From the estate, if you rode your bicycle down the row of copses to the ha-ha which divided Wellesley's (pronounced Wall-ee) land from the sheiks you could in theory climb down into the ditch on a series of steps laid out for that very purpose and cross over to the over side where there was a helipad. The helicopter would arrive at 9am Tuesdays, Thursdays and Saturdays and bring you to Tresco on the Scilly Archipelago. Once belonging to a confederation of hermits, it was now a rather desolate, windswept place though not without an air of charming parochialism. There was something about the way life was lived on these islands, a way in which daily stories were told which threw into relief the artifice of our more pedestrian narratives.
It was not a matter of content, indeed the dramas of family and claustrophobia, arguments heard from behind closed doors in darkened rooms are somewhat universal. It was more a fact that the architecture of the houses and the landscape, being so dimly lit and crushingly bright with skies so inescapably grey, did not allow for the melodramas of tears rolling down cheeks filmed in closeup.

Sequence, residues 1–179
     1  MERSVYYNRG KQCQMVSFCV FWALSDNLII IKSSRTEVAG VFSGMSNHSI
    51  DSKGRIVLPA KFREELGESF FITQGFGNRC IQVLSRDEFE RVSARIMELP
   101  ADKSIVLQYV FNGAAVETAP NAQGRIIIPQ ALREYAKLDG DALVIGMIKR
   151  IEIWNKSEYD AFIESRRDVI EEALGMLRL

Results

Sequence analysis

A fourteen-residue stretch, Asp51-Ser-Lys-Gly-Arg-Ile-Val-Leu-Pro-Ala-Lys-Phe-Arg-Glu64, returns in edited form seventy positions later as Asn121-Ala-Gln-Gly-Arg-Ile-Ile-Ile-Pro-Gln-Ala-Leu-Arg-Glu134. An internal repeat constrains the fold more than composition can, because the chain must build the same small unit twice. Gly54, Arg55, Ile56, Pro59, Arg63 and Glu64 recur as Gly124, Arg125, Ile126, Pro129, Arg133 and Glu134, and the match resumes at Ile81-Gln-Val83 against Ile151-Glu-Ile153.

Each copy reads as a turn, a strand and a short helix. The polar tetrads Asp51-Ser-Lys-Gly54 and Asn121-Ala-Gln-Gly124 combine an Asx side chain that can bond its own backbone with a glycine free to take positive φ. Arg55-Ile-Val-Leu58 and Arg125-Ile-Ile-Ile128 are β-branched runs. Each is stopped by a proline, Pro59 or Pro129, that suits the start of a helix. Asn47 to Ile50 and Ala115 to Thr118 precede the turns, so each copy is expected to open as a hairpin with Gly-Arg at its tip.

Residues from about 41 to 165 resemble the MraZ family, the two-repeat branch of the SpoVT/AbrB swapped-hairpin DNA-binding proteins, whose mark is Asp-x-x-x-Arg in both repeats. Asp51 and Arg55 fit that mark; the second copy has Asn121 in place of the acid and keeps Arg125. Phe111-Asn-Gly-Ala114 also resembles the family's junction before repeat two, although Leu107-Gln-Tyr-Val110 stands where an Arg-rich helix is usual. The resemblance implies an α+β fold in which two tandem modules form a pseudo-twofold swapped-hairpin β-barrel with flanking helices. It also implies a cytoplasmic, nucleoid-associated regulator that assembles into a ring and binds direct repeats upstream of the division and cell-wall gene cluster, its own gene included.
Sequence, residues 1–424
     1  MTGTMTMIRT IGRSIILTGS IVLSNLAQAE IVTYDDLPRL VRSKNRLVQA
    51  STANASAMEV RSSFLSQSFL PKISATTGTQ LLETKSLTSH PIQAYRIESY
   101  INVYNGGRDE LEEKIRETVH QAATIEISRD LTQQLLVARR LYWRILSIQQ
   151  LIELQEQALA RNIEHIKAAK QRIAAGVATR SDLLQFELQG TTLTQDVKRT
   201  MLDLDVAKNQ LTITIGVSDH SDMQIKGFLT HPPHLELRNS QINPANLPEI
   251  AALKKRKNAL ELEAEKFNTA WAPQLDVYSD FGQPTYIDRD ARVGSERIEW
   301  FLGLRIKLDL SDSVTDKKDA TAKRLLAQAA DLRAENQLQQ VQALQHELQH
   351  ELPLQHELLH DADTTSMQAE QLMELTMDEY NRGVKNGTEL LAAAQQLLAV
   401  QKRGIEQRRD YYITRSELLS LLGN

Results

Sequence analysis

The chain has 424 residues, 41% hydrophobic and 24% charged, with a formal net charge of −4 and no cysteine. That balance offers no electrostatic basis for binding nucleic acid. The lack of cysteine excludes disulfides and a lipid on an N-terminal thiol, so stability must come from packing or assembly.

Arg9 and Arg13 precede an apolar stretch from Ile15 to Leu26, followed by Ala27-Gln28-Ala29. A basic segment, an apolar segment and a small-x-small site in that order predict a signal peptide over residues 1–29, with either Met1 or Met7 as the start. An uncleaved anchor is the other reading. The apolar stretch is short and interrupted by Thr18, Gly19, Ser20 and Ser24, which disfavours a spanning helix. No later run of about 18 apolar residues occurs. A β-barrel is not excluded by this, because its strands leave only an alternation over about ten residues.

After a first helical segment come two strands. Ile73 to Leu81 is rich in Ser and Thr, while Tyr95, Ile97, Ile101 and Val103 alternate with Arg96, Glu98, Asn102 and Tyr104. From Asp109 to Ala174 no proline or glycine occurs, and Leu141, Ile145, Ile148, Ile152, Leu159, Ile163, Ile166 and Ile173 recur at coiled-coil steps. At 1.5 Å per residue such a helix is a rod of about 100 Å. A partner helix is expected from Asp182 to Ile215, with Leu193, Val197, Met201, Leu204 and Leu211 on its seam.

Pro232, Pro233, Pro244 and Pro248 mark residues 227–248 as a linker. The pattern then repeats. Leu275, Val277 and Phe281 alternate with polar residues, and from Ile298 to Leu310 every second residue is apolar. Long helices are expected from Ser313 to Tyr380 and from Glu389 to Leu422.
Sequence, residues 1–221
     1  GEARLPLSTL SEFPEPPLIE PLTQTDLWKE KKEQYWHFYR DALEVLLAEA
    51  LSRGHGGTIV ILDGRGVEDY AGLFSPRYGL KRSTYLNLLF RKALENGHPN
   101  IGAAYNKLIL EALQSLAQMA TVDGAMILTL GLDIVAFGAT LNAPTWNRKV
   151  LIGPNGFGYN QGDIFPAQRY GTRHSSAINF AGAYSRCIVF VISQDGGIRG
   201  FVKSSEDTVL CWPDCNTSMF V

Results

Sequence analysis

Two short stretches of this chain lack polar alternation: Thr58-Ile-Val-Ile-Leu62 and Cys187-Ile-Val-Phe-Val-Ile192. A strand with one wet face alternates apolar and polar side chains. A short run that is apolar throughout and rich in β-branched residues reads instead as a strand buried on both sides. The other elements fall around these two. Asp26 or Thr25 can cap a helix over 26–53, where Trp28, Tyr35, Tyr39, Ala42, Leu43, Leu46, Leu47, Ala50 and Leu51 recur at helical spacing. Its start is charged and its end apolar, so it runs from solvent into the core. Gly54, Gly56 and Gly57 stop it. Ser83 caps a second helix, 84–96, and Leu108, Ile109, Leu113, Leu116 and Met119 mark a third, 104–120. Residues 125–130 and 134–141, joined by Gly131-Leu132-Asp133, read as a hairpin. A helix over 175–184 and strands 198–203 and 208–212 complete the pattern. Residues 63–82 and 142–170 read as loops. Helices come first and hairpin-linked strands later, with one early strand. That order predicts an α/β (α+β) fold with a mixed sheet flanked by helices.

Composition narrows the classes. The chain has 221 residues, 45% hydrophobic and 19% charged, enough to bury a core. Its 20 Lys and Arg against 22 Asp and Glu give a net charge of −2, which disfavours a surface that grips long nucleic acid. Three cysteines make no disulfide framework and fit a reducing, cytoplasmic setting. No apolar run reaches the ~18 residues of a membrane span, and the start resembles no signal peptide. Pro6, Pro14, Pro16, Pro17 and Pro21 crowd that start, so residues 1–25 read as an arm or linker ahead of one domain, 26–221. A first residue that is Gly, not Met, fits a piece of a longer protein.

Instead, crises and daily occurrences were viewed from a fixed vantage point, from a slight distance as figures moved in and out of ones frame of view so that, to a certain extent, the drama of the moment was neither directed or obscene, yet its weight felt all the more keenly as a result.
The characters are not the most important element of the drama, as they were constantly being framed within an unforgiving landscape which belittled them and inserted their foibles into a continuum of hierarchies between nature, culture and man.
There was a remarkable pathos and beauty in observing the everyday, whether the careful preparation of food, running up a hill with your sister, windswept picnics, afternoon drinks, kitchen conversations or riding a bike in the wind.